A good name is something that takes many years to build up; we’re talking decades here, not a mere five or six. It is that depth of experience that people can sense when they meet you for the first time, even when your good name has not preceded you and you are a total stranger to them. A good name is therefore, almost by definition, the original preserve of middle aged and older folks. Young people can and do have a good name in a more limited sense, a good name in progress as it were, which is valuable and obviously essential for a good name later on. This is part of what older folks talk about when they say life begins at 40. You will certainly be over 40 when others begin offering your children high-paying jobs and responsible positions on the strength of your good name.

As valuable and long-lasting and hard-won as a good name is, it is also rather fragile and brittle. A large enough act of indiscretion can shatter your reputation in a moment and may even put you into a position from which your once good name will never recover. And now it becomes scary when you consider, on the one hand, the good name you have been building up and, on the other hand, your children. Younger children can do a lot of foolish things, even downright stupid, mean and ugly things, and “get away with it”… not with you as parents, I trust. You will deal with them in the strongest terms with loving godly discipline. And other people outside your family will generally cut little children plenty of slack. But somewhere along the line, your children reach an age where people do expect a lot more from them and their behaviour, when they most certainly do see your children’s behaviour as a reflection of your character….or lack of it. This is sometimes very difficult for you to see, for only the closest of friends will dare raise such issues with you as what they perceive to be chronic disrespect or dishonesty or just a perpetual case of D.R.A. in your child (DRA = dirty rotten attitude).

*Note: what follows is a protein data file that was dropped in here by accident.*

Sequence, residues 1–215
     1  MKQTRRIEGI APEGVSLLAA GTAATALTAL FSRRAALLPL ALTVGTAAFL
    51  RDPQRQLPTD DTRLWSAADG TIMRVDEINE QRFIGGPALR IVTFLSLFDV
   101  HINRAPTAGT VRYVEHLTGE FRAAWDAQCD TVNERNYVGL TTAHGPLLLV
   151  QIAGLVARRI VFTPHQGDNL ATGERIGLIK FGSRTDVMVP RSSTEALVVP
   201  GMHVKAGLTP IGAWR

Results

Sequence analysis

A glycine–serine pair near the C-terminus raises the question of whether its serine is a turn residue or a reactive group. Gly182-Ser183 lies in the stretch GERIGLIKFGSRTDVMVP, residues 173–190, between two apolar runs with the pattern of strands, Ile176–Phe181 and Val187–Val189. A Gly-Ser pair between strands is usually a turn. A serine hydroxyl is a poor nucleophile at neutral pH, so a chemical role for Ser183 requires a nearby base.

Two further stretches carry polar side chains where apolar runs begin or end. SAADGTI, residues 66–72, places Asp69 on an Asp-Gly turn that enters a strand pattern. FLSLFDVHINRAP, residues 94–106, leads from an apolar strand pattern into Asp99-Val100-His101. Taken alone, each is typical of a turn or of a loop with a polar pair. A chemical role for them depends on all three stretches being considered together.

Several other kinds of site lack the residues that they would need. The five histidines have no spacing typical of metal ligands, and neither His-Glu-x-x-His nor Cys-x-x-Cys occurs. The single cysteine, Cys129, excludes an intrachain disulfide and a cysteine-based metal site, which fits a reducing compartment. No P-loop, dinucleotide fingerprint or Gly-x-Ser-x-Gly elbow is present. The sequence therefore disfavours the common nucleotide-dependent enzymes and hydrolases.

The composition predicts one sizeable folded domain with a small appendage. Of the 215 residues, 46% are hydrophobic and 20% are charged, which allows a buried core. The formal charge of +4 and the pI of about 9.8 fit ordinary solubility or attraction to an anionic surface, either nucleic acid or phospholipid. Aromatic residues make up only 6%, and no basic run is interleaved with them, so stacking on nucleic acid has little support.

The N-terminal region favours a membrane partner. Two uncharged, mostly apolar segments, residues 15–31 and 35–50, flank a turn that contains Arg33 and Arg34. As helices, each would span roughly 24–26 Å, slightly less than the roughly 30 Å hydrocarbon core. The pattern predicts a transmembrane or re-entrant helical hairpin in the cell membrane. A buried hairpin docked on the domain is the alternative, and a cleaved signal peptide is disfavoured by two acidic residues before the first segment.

Here is where home education is such a blessing. Both Mum and Dad can be down on little junior like a ton of bricks whenever a DRA or actual offensive behaviour is manifested and can nip it in the bud. But it requires Mum and Dad to have both eyes opened to the many faults of their children which they as parents must discipline out. At the same time Mum and Dad must be training in to their children those qualities that are needed to build up a good name, the qualities Mum and Dad must be displaying and working on in themselves.

Your good name is actually, in fact, for your children just as much as it is for you, maybe even more so. Yet before they can inherit all its benefits, they must be trained to respect it, desire it and realise the terrible potential they have of shattering it in a moment by some wild act of indiscretion. Tell your children of the power they have, by committing unthinking actions, to inflict on you almost total destruction: the pain of a totally crushed heart; the trampling of your most cherished dreams; the ruin of your reputation within the wider community, the name you have been painstakingly building up, preserving, polishing and otherwise working on for years before they were even born. Some may object, that this is laying a guilt-trip on your children. But it is nothing more than revealing to them the facts. And the facts demand that they, for your sakes as well as for their own, be responsible. Be done with idiocy passing itself off as the wisdom of the age in sayings such as “boys will be boys”, “children must be allowed to find themselves” or “beware of harming their self-esteem”. Because you want the best for your children, because you want them to have every advantage in this life, because you want them to have a proper Biblical self image, you will train them to have the utmost respect for this most valuable of commodities that you can pass on to them: a good name, which is to be chosen rather than great riches.

From Keystone Magazine
May 2002 , Vol. VIII No. 3